I just finished reading Alexandra Horowitz’s book Inside of a Dog and my mind is zooming like a Shiva on an agility course. Literally just finished. I read the last words as I rang the bell to get off the bus on my way home from work. It took me a long time to get to reading it. Now I finally understand what all the fuss was about.
Not that the book was perfect. There are a few caveats I feel the need to offer as it is not a training manual by any stretch. The author says this herself many times. At the end of the book there were some suggestions that made me raise my eyebrow, but only as they may relate to dogs with reactivity. There were also a few cracks about the inferiority of cats that bothered me. However, I acknowledge I may be over-sensitive in that regard.
But I digress. The book, in a word, was captivating. The type of experiments and research outlined by Horowitz are of the variety never before performed. Her in depth look at the worldview of a dog, or umwelt as she called it, forced me to give myself a good shake. I like to pretend I am fairly dog savvy. With all the reading and observing I have done, I consider myself pretty aware of the basics of what it is to be with a dog. After reading this book, I realize I was fooling myself.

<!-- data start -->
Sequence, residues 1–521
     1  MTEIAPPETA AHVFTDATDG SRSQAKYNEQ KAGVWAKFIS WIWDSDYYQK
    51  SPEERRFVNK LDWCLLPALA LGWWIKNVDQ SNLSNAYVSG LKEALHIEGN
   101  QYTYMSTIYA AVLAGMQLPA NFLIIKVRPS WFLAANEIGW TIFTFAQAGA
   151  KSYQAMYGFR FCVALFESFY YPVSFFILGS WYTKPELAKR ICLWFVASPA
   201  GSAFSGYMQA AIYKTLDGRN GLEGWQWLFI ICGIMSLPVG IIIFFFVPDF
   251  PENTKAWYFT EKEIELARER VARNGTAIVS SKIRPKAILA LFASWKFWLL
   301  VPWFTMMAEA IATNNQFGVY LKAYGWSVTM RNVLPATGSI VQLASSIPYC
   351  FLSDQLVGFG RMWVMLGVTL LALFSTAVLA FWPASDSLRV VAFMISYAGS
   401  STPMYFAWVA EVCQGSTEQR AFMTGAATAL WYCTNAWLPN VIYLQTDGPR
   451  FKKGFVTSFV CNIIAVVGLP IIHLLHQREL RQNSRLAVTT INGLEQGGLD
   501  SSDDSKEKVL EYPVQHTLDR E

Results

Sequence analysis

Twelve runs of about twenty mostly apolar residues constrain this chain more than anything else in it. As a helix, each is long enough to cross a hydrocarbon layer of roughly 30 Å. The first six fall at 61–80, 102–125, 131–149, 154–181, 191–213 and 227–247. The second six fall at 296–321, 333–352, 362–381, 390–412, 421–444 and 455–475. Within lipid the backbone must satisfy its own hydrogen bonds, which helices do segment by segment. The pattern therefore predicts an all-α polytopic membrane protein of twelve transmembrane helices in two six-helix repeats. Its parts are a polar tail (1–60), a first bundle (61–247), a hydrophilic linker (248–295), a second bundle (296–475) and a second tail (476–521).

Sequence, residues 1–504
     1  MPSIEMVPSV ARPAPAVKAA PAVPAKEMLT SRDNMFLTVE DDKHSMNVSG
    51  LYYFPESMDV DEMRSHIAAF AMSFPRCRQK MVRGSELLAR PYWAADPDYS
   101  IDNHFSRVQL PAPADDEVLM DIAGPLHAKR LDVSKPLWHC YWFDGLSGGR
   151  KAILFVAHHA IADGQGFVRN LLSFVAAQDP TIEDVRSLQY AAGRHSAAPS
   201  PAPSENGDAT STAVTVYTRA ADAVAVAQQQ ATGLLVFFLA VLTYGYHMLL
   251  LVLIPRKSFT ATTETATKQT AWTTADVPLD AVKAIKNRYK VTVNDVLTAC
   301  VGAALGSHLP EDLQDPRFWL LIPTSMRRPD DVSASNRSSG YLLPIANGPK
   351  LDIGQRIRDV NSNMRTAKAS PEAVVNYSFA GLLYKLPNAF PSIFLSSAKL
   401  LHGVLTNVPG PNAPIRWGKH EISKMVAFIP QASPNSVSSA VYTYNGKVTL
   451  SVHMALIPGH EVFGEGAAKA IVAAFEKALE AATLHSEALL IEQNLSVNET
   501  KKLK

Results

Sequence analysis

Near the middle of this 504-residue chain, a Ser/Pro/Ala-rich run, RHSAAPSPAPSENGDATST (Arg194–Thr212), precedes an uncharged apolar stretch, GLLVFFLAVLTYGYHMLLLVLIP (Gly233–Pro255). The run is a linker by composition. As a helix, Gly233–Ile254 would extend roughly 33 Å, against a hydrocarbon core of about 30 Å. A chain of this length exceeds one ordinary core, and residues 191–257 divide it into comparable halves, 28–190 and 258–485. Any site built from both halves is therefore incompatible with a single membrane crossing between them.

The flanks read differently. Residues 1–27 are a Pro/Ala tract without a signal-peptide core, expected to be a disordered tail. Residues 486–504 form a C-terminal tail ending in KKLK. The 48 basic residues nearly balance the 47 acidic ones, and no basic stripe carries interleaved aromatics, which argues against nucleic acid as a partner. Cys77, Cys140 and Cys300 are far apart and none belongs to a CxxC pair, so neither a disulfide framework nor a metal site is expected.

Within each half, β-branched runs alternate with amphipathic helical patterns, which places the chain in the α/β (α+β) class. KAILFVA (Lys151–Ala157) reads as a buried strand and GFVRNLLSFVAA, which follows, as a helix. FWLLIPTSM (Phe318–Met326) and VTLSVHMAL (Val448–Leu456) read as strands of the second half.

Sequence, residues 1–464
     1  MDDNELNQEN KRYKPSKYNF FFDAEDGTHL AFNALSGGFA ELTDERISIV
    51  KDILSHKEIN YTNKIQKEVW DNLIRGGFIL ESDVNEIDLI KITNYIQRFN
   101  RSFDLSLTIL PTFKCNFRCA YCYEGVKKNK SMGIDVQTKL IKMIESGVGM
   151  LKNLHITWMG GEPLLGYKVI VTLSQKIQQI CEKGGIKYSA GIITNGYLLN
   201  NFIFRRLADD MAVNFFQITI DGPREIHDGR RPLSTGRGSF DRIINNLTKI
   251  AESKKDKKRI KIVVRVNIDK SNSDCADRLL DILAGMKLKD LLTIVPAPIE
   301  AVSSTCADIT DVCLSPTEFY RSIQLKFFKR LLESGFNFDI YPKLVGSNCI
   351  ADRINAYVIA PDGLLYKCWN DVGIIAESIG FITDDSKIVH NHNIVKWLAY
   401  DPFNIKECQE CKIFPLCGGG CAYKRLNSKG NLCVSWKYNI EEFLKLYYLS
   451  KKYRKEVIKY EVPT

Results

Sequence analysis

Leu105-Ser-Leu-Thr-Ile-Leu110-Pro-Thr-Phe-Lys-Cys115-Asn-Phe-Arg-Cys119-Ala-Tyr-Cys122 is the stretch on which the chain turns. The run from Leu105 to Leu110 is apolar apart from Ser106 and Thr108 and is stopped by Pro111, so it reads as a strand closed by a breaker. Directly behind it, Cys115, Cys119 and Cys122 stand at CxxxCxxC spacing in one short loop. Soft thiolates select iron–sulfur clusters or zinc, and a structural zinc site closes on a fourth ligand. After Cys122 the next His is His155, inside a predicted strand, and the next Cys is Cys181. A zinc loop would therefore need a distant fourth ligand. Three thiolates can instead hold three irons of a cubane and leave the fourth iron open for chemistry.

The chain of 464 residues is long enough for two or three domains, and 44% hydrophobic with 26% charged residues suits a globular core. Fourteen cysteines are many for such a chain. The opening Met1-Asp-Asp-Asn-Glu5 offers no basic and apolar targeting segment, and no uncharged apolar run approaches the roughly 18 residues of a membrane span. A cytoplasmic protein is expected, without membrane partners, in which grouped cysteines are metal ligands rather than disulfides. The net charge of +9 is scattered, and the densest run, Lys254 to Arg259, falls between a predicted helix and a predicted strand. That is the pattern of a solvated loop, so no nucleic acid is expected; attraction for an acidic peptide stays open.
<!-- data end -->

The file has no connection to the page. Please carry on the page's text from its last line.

Like so many others, I wish this book had existed in the days prior to our adopting Shiva. If you haven’t read it, you should. Now.
Here are some of the passages that stick with me the most:
“Why does he do that? I am asked almost daily. Many times my only answer can be that not every behavior a dog does has an explanation. Sometimes when a dog suddenly flops on the ground and looks at you, he is just lying down and looking – nothing more.”
“Our frustrations with dogs often arise from our extreme anthropomorphizing, which neglects the very animalness of dogs. A complex animal cannot be explained simply.”
“Dogs are ingenuous. Their bodies do not deceive even if they sometimes trick or cajole us. Instead the dog’s body seems to map straight to his internal state.”
“Few celebrate a dog who jumps at people as they approach – but start with the premise that it is we who keep ourselves (and our faces) unbearably far away, and we can come to a mutual understanding.”
I see a lot more “smell walks” in Shiva’s and my futures. It’s something I’ve done in the past, though I felt guilty about it, like I was being a bad or lazy trainer by letting her roam from left to right as she saw fit. Now that I know better, when it is appropriate and safe, my guilt will fade.
Have you read Inside of a Dog yet? What did you think? Have you read any other books that have made you reconsider your relationship with your dog?